Approximately 1 in 5 children ages 13-18 have or will have behavior problems at school that lead to serious mental illness according to National Alliance on Mental Illness. Consequently, students drop out or get stuck in the juvenile justice system. There is never enough eyes to monitor a child’s well being. As a result, KXAN a NCB affiliated television station in Austin, Texas is exploring potential solutions by developing Save our Students (S.O.S) This healthcare initiative is helping educate teachers, staff, bus drivers and parents understand and take action of mental health concerns with students. S.O.S stresses it is not your job to fix but be aware something is happening and get the child to where they need to get help.

    As parents…how can we help?

    Parents need to model on how to deal with mental health issues. First, you need to develop a language around mental illness to talk to your kids. Next, you must advocate for them to speak up when needed. Similarly, we all need to recognize as adults, we struggle too. It is equally important for parents to ensure they are taking time for their needs. As a result, modeling positive coping skills and problem solving techniques benefit you as well!

    Often times behavioral problems can be the result of underlying mental health disorders. As a result, these problems can have a negative change on the way children learn. It can effect their behavior, emotions, causing distress and struggling to get through the day. According to Centers for Disease Control and Prevention (CDC) Depression, anxiety and behavior disorders are the most common among adolescents.

    Depression in adolescents

    • Frequent and longer periods of sadness or unexplained crying spells
    • changes in appetite and sleep patterns
    • Irritability, anger, worry, agitation, anxiety
    • Pessimism, indifference
    • Loss of energy, chronically feeling tired
    • Feelings of guilt, worthlessness, hopelessness
    • Not able to concentrate, indecisiveness
    • Inability to find pleasure in usual interests, social withdrawal
    • Physical symptoms of unexplained aches and pains
    • Recurring thoughts of death or suicide

    Anxiety in adolescents

    • Difficulty falling asleep, staying asleep, frequent nightmares
    • Feeling on edge/Irritable
    • Difficulty concentrating
    • Restlessness
    • Unexplained outbursts
    • Avoiding social interactions with friends
    • Avoiding extracurricular activities
    • Spending more time alone
    • Changes in grades, missed assignments
    • Procrastination or increased difficulty concentrating on academics
    • Increased heartbeat/dizziness
    • Frequently sweating
    • Upset stomach
    • Derealization

    If your child appears to be struggling with symptoms of these common adolescent problems in school, home or daily functioning its important to get help. These problems are treatable and most adolescents can learn to cope and manage their symptoms. Please call Therapy SRQ today at 941-202-3432 for a free consultation.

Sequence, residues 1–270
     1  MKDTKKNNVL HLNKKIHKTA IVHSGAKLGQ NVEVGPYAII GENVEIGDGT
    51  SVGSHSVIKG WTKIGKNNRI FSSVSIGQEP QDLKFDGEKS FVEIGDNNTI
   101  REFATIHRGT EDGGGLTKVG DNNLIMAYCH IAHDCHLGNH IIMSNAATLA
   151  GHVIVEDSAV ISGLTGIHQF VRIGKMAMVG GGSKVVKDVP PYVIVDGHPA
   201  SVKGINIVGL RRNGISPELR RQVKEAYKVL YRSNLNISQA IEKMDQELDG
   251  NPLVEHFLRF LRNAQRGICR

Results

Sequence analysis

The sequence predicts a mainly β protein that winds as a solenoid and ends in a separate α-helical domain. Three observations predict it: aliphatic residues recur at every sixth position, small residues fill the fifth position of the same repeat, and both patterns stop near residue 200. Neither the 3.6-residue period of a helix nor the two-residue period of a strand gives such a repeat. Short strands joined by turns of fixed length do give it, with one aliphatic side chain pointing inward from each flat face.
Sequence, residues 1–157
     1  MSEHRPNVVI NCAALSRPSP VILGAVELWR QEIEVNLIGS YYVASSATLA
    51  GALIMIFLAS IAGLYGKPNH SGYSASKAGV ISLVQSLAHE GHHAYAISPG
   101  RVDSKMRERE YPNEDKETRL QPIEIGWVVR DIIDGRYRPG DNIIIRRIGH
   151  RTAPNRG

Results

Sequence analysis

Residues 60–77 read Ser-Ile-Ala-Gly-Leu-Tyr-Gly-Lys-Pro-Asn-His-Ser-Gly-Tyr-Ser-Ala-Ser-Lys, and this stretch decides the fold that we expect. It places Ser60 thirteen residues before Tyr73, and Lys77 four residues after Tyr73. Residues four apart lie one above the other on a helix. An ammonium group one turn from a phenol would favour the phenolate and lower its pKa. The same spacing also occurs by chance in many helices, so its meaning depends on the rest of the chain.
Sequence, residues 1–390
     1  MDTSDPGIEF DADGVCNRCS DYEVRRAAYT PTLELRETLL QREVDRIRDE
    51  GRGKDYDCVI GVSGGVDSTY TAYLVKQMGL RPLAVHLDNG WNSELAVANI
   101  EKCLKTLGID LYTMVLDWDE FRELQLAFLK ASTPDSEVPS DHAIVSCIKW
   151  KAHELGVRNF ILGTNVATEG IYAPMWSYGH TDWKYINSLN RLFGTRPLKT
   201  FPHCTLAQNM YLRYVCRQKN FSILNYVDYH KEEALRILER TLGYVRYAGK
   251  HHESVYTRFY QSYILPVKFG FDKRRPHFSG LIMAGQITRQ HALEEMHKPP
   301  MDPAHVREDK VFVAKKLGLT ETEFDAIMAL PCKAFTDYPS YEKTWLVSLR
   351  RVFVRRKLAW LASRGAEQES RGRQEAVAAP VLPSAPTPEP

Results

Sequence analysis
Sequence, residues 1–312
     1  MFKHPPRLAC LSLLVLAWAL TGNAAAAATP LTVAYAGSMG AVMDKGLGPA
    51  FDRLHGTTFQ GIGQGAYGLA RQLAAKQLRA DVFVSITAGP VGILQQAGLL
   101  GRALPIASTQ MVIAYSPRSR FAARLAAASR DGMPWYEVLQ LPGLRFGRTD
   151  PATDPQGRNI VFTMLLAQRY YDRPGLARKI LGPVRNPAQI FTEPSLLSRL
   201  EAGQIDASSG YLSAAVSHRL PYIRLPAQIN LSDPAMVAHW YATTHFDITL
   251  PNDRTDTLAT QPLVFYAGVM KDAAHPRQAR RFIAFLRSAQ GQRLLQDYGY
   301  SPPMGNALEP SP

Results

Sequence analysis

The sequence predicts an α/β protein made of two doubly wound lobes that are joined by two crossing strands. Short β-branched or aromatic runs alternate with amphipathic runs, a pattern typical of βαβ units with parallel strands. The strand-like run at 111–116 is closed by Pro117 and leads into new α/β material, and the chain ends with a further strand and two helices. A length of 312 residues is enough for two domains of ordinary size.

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    teen playing video games

    “Mental Health, Video Games and the Internet”…

    teen playing video games
    2 important factors to monitor with your child’s gaming- Time spent and content.

    An interview with NPR reveals President Trump’s commentary about the recent mass shootings in El Paso, Texas. The president specifically called out “Mental Health, Video Games and the Internet” as the leading factors affecting the shooters. So, let’s discuss these factors.

    Firstly, we know the importance of mental health awareness and education. However, how can we ensure that it;s not “in one ear and out the other” for our kids? Take the time to check in with your child. New friends, new projects, new feelings…it’s all there, connect with them! It’s important for youth to have strong relationships with their family and friends. Help your child develop resilience by supporting them to solve problems that arise and let them know they can turn to you for help! Be aware of their internet, social media, gaming and television use. Most importantly, not only the duration but the content. Be a role model by practicing what you preach, ensure you take care of your own mental health and have time for things you enjoy.

    Unfortunately, all too often kids don’t get help soon enough. Mental health problems may go unnoticed or ignored. Parents may not know the warning signs or who to contact. Mental health issues can manifest in many different ways including a decline in grades, problems with friends and sneaky behavior. Mental Health problems can have serious effects on your child’s development and quality of life. Getting help early is so important. If you believe your child could be struggling please call Therapy SRQ at 941-202-3432.

    teen cutting

    Self harm or “Cutting” and why does our youth do it?

    teen cutting
    Red raised marks on this teen’s arm are the result of cutting.

    Self harm or “cutting” appears to be an increasing epidemic in our youth. Working with youth in schools and various settings since 2001, it seems to have taken off. So, why cut? Cutting is used as a way to cope with the discomfort of powerful emotions. For instance, bullying, self-esteem issues, relationship problems are all common stressors that are behind this negative coping mechanism. Perhaps their feelings are so intense that they don’t quite have the coping mechanisms to relieve the emotional pain.

    Lyness D’arcy at explains that teens can cope better with major life events and overwhelming emotions with the help of a mental health professional. Self harm or “cutting” can become habit forming by the person getting a false sense of relief from cutting. The brain starts to connect the false sense of relief to the cutting behavior. As a result, the behaviors can feel like an addiction. A person may feel that they need to cut to cope with their feelings. When they have difficult feelings, the thoughts go to cutting.

    Identify the trouble that’s triggering the cutting. Cutting is a way of reacting to emotional tension or pain. Try to figure out what feelings or situations are causing you to cut. Is it anger? Pressure to be perfect? Relationship trouble? A painful loss or trauma? Mean criticism or mistreatment? Identify the trouble you’re having, then tell someone about it. Many people have trouble figuring this part out on their own. This is where a mental health professional can be helpful.

    If you or someone you love have a problem cutting please reach out for help. Admitting you need help can be challenging. Cutting can make you conceal your feelings from the world even more. A feeling of shame is commonly associated with these behaviors. However, many feel a sense of relief after telling a trusted adult. Forms of non-suicidal self injury are not something to dismiss. If you need further help or guidance please call Therapy SRQ at 941-202-3432.